293 F2d 229 United States v. C Pesano

293 F.2d 229

UNITED STATES of America, Appellee,
Peter C. PESANO, Appellant.

No. 397, Docket 26520.

United States Court of Appeals Second Circuit.

Argued June 8, 1961.
Decided Aug. 2, 1961.

Thomas J. Todarelli, New York City (Sabbatino & Todarelli, New York City, on the brief; Peter L. F. Sabbatino, New York City, of counsel), for appellant.

Thomas Day Edwards, Asst. U.S. Atty., Southern Dist. of New York, New York City (Robert M. Morgenthau, U.S. Atty., and Gerald Walpin, Asst. U.S. Atty., New York City, on the brief), for appellee.

Before LUMBARD, Chief Judge, and GOODRICH* and FRIENDLY, Circuit judges.

GOODRICH, Circuit Judge.

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The appellant was convicted on four counts of an indictment charging, in four separate instances, the making of false statements in documents prepared for the purpose of securing loans to be insured by the Federal Housing Administration. See 18 U.S.C. 1010. He was sentenced to two years imprisonment on each of the four counts but the sentences are to run concurrently. There are four transactions in which the defendant had participated during which he was alleged to have made false statements which violated the terms of the statute. There was ample evidence to support the jury's findings that the false statements were made and that they were knowingly made. Indeed, this is not seriously challenged by the defendant on this appeal.1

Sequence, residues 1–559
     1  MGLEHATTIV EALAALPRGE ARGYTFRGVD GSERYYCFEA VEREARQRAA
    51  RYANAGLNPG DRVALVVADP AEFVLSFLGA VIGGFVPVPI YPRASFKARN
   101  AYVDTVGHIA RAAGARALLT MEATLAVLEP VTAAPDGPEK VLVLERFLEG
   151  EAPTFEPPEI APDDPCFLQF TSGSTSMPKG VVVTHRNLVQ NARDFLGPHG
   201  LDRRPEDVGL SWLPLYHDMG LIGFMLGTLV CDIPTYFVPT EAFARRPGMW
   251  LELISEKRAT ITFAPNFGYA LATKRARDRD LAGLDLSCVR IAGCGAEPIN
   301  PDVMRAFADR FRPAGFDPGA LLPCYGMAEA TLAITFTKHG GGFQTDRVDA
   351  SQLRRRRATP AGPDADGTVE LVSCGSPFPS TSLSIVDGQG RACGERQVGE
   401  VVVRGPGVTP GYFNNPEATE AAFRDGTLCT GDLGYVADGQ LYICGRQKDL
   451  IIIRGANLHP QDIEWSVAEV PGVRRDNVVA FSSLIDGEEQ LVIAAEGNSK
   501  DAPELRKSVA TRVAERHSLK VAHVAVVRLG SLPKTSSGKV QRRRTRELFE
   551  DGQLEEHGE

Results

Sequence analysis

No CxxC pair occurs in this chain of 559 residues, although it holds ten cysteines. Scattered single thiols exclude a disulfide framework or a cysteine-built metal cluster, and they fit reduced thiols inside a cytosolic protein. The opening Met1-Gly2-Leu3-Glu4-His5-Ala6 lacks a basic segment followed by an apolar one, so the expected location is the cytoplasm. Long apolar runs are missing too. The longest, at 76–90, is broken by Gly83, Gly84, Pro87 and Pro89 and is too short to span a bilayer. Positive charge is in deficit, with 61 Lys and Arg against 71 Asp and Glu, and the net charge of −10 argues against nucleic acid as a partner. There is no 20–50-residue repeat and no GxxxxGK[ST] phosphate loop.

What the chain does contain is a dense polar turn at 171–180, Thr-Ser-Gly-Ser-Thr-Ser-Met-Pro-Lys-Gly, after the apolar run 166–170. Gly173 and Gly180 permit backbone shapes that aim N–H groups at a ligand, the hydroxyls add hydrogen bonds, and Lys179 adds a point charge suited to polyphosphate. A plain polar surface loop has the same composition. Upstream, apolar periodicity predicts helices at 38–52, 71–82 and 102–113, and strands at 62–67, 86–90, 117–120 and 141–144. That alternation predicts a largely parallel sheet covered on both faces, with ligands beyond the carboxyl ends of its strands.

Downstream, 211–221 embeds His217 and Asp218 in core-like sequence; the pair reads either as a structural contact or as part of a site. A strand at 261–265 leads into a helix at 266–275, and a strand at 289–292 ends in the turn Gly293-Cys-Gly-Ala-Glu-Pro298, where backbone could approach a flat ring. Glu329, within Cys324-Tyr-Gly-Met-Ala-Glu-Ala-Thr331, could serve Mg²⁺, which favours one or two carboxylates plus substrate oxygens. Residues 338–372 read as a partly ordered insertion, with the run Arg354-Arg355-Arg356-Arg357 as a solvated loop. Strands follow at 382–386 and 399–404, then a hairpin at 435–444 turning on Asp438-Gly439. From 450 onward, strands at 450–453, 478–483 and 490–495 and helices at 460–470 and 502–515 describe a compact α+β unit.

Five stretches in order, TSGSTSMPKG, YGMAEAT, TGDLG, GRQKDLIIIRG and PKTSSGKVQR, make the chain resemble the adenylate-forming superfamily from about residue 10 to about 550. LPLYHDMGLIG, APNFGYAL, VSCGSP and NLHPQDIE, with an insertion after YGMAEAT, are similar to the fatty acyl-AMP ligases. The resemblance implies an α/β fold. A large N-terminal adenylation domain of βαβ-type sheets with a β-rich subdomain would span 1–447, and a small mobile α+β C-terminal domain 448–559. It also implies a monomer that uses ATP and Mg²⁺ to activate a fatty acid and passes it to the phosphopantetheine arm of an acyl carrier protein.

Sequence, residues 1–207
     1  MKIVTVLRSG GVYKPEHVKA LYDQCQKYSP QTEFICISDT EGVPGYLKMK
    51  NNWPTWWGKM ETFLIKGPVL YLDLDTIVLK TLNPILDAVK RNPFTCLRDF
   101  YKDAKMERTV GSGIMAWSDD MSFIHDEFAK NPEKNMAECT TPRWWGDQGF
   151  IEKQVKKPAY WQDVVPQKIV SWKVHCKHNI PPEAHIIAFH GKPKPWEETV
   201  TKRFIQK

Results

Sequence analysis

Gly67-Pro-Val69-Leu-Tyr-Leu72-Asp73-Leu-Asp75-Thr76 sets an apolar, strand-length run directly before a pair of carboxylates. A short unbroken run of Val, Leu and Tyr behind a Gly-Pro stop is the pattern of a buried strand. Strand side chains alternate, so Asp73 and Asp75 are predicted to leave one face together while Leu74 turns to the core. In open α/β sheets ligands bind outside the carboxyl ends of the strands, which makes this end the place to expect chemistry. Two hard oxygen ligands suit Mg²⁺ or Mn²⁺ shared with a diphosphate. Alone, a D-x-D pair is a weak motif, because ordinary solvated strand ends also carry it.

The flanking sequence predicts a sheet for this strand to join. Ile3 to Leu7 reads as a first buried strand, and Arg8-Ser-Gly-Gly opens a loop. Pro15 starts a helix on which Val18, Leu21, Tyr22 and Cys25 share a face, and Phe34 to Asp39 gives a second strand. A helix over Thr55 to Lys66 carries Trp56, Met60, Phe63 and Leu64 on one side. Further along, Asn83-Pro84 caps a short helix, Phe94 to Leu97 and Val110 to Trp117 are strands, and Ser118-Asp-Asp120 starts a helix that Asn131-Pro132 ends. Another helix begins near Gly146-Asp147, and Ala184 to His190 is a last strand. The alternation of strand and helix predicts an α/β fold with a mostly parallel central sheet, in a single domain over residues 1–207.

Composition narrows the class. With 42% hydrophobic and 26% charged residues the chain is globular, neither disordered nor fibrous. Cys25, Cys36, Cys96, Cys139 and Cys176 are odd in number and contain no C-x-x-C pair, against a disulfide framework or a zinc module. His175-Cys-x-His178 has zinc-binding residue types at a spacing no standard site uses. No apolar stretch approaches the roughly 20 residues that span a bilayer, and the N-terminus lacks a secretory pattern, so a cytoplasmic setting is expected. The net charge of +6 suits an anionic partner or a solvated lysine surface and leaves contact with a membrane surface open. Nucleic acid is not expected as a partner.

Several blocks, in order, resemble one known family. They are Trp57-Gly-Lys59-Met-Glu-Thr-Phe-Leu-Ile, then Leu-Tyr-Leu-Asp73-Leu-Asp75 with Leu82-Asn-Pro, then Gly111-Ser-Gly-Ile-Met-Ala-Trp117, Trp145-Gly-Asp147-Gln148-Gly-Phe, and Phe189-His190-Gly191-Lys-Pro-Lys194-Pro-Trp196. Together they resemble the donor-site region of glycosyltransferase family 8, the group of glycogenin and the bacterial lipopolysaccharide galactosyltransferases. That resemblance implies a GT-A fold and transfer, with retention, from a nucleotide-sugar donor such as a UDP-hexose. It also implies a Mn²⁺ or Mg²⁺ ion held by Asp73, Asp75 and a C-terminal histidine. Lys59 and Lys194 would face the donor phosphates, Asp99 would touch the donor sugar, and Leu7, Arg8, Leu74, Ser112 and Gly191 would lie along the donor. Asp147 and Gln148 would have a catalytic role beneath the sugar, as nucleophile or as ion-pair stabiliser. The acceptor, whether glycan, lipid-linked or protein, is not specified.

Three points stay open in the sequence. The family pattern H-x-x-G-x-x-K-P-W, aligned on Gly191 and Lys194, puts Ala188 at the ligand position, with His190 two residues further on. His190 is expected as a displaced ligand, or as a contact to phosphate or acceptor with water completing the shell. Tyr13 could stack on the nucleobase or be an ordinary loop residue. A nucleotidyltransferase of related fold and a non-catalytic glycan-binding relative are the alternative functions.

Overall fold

The chief argument made on behalf of the appellant is that the court did not correctly charge as to the intent necessary to convict him under the statute. The Government puts his complaint to the effect that the intent required is one 'fraudulently to subject the Government's insurance funds to risk of loss.'2 It is conceded in this case that whether representations were false or not there has not been, in the case of any of the four loans under consideration, any failure on the part of the borrower to meet the terms of the loans. In other words, the insurance funds have not suffered any pecuniary loss through what the defendant has done regardless of the risk which may have been created by false representations at the time the loans were made.